Michael William, PharmD ’13, joined the Global Patient Safety department at AstraZeneca’s Gaithersburg location in 2015. Within a year, he and a group of his colleagues recognized the potential to design and launch a precepting program for eager University of Maryland School of Pharmacy students.
“As a grad student, I didn’t have much exposure to the pharmaceutical industry, and realized Patient Safety could provide this opportunity to fourth-year students. I wanted to give back to my alma mater and offer students the experience,” says William, a senior pharmacovigilance (PV) scientist. In his role, William supports teams in managing the safety strategy and maintaining the safety profile for drug products, in addition to ensuring adherence to PV best practices and procedural compliance.
Global Patient Safety is a function of AstraZeneca that ensures regulators, health care providers, and ultimately consumers are appropriately informed of the risks that may be associated with its products. The department works with products in all stages of drug development and in multiple therapeutic areas, including oncology, cardiovascular, renal, metabolic diseases, respiratory, and vaccines.
By 2018, a cadre of preceptors representing AstraZeneca’s Global Patient Safety department, in coordination with the School’s Experiential Learning Program (ELP), proffered rotations to 10 student pharmacists on-site in Gaithersburg. Seven students completed rotations there the previous year. “We have a strong team of preceptors, and they are the ones who deserve credit for
creating the program,” William says.
The preceptors in Global Patient Safety were driven to implement the project, thus enhancing their leadership and supervisory skills, while the rotation opportunity revealed the world of industry to student pharmacists. “Everyone wins,” William says.
Whitney Swears, PharmD, MS, a Global Patient Safety preceptor, completed a rotation at AstraZeneca during pharmacy school. “Being in the presence of someone who embodies professional skills you hope someday to acquire is one of the greatest benefits I experienced. I feel lucky to pass along those lessons to the next generation of pharmacists,” she says.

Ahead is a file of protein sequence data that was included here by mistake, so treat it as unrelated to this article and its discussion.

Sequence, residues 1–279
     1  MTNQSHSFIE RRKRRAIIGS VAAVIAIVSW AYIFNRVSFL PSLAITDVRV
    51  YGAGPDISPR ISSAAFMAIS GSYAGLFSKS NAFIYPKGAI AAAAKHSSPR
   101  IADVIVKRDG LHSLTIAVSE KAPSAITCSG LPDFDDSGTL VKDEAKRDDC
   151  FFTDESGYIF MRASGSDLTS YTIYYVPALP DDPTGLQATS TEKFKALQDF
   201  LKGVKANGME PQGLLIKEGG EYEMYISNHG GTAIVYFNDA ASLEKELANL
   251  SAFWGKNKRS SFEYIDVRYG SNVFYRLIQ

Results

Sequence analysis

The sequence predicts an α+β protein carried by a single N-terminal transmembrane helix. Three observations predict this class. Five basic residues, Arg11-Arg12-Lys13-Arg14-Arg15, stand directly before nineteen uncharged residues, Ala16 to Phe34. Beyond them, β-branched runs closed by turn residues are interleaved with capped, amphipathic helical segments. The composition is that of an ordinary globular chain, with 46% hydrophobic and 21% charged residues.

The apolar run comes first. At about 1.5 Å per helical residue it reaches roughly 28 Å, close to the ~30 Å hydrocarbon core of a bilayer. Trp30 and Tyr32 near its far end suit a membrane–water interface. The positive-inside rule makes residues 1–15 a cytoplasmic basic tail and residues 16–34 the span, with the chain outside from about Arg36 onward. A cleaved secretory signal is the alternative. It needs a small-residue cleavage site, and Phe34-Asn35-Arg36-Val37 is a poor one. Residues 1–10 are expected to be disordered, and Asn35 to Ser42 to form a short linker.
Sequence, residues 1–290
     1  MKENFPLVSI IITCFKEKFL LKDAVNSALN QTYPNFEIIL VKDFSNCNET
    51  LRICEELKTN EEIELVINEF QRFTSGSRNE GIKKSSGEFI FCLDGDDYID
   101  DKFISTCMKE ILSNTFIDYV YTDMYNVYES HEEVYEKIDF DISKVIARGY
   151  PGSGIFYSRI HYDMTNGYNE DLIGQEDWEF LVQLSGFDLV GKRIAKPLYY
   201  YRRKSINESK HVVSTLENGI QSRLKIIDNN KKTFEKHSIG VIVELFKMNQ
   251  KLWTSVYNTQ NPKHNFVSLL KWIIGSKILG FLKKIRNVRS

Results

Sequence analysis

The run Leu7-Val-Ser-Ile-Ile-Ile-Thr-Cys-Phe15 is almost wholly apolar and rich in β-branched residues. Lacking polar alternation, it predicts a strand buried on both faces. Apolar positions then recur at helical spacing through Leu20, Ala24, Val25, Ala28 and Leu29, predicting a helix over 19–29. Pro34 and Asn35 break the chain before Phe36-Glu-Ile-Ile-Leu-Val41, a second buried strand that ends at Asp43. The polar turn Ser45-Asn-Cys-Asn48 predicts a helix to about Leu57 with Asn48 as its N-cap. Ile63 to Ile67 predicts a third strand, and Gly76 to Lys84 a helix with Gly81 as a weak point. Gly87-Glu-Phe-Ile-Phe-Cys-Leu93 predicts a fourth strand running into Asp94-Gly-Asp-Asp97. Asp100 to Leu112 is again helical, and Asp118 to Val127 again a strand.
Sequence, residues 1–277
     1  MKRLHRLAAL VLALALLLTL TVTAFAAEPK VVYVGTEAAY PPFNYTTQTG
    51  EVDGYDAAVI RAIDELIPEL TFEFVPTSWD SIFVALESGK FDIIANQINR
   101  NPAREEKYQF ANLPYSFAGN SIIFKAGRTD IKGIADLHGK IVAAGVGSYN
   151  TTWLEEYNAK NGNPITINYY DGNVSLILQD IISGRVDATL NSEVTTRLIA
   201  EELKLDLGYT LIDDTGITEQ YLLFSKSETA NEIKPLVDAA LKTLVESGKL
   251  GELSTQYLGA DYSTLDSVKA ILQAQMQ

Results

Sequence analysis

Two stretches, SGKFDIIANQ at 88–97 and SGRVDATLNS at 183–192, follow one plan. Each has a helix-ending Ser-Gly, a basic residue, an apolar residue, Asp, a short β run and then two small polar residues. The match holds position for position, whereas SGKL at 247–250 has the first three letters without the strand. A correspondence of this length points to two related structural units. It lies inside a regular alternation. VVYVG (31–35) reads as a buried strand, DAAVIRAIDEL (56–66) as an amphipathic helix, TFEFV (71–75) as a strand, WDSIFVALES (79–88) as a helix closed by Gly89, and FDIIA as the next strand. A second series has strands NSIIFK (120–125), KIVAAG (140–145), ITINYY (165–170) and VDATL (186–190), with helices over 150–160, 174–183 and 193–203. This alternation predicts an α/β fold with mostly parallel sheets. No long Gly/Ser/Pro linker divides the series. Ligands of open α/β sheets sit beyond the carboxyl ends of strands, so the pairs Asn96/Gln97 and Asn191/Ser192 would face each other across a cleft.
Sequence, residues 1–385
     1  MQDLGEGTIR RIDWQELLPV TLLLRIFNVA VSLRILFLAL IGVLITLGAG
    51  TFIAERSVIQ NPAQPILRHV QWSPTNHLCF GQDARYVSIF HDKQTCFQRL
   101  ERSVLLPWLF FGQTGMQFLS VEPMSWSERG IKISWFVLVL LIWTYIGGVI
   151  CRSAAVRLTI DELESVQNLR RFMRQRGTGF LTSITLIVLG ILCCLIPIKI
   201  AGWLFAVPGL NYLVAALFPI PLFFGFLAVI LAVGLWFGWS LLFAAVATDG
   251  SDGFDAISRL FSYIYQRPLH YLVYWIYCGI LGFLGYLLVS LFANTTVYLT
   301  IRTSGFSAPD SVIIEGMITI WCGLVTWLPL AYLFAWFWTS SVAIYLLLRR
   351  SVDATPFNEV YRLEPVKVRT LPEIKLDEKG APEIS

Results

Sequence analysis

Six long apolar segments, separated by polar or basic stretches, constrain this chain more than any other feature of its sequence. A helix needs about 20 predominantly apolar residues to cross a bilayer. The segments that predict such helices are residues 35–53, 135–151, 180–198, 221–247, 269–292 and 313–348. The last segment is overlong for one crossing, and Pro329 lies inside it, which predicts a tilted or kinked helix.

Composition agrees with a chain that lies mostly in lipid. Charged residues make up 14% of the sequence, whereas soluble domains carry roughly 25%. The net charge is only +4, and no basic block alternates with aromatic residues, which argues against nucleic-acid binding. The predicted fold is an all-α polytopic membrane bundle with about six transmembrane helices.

In fact, the success of the Global Patient Safety program has inspired several of William’s colleagues in other departments at AstraZeneca to organize their own precepting initiatives. ELP is a vital training component for School of Pharmacy students. Preceptors (practicing pharmacists and other professionals) oversee student pharmacists on rotations, which comprise more than 30 percent of the Doctor of Pharmacy curriculum.
“The School of Pharmacy has more than 900 preceptors at nearly 500 sites across the world,” says Agnes Ann Feemster, PharmD, assistant dean for experiential learning at the School of Pharmacy. “These rotations provide real-world experience in pharmacy practice, allowing students to merge the knowledge they achieved in school with practical experience, while also exposing
them to different career paths.”
Take, for example, the case of Jason Tran, PharmD ’18. He selected a rotation under William’s guidance, learning about the patient safety side of new drug applications. Prior to that experience, Tran was not particularly familiar with the pharmaceutical industry. “Being at AstraZeneca has opened my eyes to a lot of opportunities and given me invaluable exposure to industry,” he says.
Recalling his own student days at the School of Pharmacy, William says that besides benefiting from a strong basis in didactic and technical training, he is especially grateful for the mentorship and opportunities he was given to help him develop.
“Dr. William is passionate about his unique practice and incredibly enthusiastic about working with students,” Feemster says. “We’re fortunate to have him and the entire Global Patient Safety team as School of Pharmacy preceptors.”